As 2016 draws to a close, numbers from DPS show that Arizona has averaged more than two serious or deadly crashes caused by wrong-way drivers each month. There were 28 serious or deadly crashes this year. 

After the most recent fatal wrong-way crash, which happened Dec. 13 on the westbound Interstate 10 ramp to westbound Loop 202, DPS spokesman Raul Garcia said there have been more than 1,700 wrong-way incidents reported along highways. More that 100 drivers were arrested on suspicion of DUI.

[READ: Arizona averages more than 2 wrong-way crashes per month]

Garcia said, “In many instances, these people reorient themselves or get to where they were going and exit the highway.”

While not every wrong-way driver call for service reveals an actual wrong-way driver, troopers always respond promptly and treat each call very seriously. 

DPS would like to remind motorists to avoid distractions while driving so that you can better respond, or take evasive action if you encounter a hazard such as a wrong-way driver. Have a plan in mind to avoid a wrong-way vehicle so that if you encounter one, you will not waste a moment to take emergency evasive action that could save your life.

“Increase your chances of avoiding a wrong-way collision by staying right, staying aware and reporting wrong-way drivers immediately,” DPS Capt. Damon Cecil while talking about the statistics over the summer.

The high number of wrong-way crashes prompted ADOT to put up hundreds of oversized "wrong way" - and "do not enter" signs along freeway off-ramps in hopes of getting drivers' attention.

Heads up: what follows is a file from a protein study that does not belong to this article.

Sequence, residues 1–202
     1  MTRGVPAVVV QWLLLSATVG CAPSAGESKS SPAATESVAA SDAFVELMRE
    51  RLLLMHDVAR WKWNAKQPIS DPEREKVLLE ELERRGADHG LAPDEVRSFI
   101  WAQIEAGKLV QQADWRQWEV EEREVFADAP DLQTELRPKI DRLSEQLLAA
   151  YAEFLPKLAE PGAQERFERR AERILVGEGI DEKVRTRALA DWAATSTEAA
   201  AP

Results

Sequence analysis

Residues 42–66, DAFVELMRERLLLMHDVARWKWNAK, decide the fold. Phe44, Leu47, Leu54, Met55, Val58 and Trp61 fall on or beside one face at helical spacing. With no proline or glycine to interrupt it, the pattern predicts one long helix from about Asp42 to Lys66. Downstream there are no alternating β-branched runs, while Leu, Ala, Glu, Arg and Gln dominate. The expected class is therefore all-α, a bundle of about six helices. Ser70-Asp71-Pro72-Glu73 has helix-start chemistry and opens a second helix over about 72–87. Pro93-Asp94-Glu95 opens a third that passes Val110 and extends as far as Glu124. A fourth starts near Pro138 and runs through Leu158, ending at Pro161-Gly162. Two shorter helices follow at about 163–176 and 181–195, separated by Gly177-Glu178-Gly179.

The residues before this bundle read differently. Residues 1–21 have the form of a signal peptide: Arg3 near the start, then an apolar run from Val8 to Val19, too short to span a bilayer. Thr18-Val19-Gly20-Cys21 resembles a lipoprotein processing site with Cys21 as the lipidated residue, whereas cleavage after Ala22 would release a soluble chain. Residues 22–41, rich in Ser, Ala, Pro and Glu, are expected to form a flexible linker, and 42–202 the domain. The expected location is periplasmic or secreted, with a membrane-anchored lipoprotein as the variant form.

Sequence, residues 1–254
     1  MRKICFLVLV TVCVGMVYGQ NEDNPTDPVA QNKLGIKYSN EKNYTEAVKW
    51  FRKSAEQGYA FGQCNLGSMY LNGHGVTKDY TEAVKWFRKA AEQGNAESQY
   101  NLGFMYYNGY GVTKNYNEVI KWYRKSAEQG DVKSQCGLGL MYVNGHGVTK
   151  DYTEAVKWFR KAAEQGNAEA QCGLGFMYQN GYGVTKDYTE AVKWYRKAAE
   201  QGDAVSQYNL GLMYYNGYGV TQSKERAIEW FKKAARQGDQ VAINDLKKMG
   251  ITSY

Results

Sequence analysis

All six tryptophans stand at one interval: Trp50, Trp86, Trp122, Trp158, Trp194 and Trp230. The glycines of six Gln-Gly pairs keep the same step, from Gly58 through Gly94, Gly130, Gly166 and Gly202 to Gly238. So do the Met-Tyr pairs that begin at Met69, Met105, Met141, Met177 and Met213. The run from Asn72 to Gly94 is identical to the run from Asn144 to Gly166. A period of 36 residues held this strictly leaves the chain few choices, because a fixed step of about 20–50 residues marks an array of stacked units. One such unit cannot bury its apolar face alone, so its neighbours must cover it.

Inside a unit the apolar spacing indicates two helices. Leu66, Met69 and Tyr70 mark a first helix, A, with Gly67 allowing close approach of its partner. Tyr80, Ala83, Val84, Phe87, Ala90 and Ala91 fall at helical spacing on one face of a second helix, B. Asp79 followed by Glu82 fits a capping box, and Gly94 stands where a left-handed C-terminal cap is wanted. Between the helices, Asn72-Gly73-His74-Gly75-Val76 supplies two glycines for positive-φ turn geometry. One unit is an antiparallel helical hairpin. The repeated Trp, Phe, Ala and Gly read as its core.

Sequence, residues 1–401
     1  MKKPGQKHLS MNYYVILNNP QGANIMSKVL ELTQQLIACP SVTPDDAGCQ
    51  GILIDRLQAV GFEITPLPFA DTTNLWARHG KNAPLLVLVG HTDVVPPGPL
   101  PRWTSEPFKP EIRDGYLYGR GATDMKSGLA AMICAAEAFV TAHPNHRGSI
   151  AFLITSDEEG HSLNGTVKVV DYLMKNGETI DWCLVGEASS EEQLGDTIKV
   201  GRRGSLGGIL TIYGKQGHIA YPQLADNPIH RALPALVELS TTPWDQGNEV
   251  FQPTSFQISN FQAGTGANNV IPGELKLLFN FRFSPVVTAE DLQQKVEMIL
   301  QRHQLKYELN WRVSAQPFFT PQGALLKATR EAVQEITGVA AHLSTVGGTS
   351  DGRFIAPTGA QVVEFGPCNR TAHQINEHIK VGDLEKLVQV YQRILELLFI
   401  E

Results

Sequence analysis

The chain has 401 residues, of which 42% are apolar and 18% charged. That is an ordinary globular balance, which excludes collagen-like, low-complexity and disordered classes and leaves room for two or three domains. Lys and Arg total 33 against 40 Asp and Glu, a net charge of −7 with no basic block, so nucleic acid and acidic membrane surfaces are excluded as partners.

But it's not always enough, especially with the number impaired drivers out on the road.

[READ: Why spike strips won't stop Arizona's wrong-way crashes]

[READ: ADOT taking steps to reduce number of wrong-way crashes]

ADOT officials are now working on a Wrong Way Vehicle Detection System that would use existing sensors to alert authorities and other motorists that someone is going the wrong way.

 A prototype of the new technology is expected to be tested along Interstate 17 sometime next year, ADOT spokesman Doug Nintzel said.

Copyright 2016 KPHO/KTVK (KPHO Broadcasting Corporation). All rights reserved.

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Lauren ReimerLauren Reimer joined the 3TV/CBS 5 family in June 2016. She is originally from Racine, WI but is no stranger to our heat.

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Lauren Reimer

She previously worked for KVOA in Tucson, covering topics that matter to Arizonans including the monsoon, wildfires and border issues. During the child migrant crisis of 2014, Reimer was one of only a handful of journalists given access to the U.S. Customs and Border Protection detention facility in Nogales, where hundreds of unaccompanied children were being held after crossing into the U.S. from Central America. Before that, Reimer worked at WREX in Rockford, IL. Lauren is a graduate of the University of Wisconsin - Milwaukee and still visits home often. When not chasing news stories, Reimer loves to explore, enjoying everything from trying new adventurous foods to visiting state and national parks or local places of historical significance.